While I was a teenager, every Thursday night and Saturday morning was devoted to soul winning. As I have continued thinking about this, I can remember contests where soul winning was one of the requirements in order to win the contest. In these types of contests, we would get points for showing up on Thursdays and Saturdays. But if we could “get someone saved” then we would get more points. I have heard many times that everyone should be able to get someone saved every time they go soul winning. Basically, if someone wasn’t “leading someone to the Lord” on a consistent basis, then they were doing something wrong.
When I was growing up this was the only method that was deemed appropriate to use. I’m pretty sure it was because I grew up just a few hours from Hammond, IN. The people in my area loved (and still love) Jack Hyles. Even veering from Romans and using verses out of other books of the Bible was frowned upon. The reason given was that it might confuse the sinner if you’re jumping around to different books. Personally, I would prefer to show a person many verses in the Bible to show them their need of salvation, then just showing them one verse here and there.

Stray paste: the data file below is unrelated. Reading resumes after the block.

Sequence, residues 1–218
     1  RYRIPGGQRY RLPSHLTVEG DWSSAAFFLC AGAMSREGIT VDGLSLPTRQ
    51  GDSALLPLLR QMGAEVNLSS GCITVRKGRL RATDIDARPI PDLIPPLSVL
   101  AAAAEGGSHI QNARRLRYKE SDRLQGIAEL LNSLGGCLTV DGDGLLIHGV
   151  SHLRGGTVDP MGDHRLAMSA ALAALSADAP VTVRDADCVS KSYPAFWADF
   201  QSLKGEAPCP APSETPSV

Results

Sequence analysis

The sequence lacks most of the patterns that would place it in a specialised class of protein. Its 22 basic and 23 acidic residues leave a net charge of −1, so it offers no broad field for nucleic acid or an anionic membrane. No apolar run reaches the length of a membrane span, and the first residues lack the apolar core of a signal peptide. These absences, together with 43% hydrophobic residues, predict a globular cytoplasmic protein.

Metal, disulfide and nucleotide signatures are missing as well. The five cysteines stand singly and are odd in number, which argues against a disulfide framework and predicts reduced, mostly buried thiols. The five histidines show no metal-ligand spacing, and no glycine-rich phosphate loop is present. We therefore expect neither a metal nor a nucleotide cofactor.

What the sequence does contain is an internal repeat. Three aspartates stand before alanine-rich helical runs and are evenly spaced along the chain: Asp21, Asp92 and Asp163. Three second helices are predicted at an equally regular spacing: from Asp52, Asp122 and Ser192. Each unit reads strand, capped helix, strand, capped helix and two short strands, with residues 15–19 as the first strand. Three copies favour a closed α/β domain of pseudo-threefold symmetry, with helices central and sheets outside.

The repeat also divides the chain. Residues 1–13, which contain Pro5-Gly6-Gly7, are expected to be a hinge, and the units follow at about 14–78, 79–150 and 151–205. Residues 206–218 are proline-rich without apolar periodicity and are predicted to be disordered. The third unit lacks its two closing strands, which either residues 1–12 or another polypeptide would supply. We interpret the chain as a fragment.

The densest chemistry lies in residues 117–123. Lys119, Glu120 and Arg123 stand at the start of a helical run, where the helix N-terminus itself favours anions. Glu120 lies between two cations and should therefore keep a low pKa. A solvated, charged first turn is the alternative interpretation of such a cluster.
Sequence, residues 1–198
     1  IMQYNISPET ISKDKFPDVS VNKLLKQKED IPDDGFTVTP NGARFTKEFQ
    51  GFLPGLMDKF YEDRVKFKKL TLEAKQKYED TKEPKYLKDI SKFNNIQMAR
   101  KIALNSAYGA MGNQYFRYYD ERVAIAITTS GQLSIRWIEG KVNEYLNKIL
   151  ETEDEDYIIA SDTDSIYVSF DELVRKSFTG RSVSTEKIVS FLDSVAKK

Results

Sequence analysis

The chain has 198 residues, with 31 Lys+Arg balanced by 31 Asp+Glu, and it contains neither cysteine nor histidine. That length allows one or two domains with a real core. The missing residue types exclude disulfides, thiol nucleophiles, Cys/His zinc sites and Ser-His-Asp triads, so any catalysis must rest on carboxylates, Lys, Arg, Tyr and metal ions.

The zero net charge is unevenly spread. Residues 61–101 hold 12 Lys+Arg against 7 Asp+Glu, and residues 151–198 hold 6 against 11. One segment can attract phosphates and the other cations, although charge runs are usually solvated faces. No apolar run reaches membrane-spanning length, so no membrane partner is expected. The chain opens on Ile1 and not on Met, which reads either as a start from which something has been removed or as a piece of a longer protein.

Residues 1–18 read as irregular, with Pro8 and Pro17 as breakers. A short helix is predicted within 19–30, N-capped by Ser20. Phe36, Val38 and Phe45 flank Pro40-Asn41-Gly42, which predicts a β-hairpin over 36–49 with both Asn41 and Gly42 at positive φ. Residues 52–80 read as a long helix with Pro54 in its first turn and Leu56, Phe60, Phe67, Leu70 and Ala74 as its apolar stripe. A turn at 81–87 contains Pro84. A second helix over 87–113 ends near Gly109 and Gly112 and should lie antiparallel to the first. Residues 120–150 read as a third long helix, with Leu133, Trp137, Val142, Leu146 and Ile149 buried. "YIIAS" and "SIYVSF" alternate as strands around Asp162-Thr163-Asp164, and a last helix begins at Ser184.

My experience was very similar. I remember having “Bible Drills” where the teacher would hold a contest to see who could repeat the Romans Road to salvation the fastest and most efficient. We had to memorize it and pretend to be presenting it in witness style to a non-believer. I also recall being escorted with my classmates to retirement communities to spend time with the elderly folks there to “practice” presenting the Romans Road. The elderly didn’t mind since they loved the company of children and occasionally someone would make a profession of faith as a result. The praise and admiration of the child that “scored” the most souls for Christ was beyond flattery.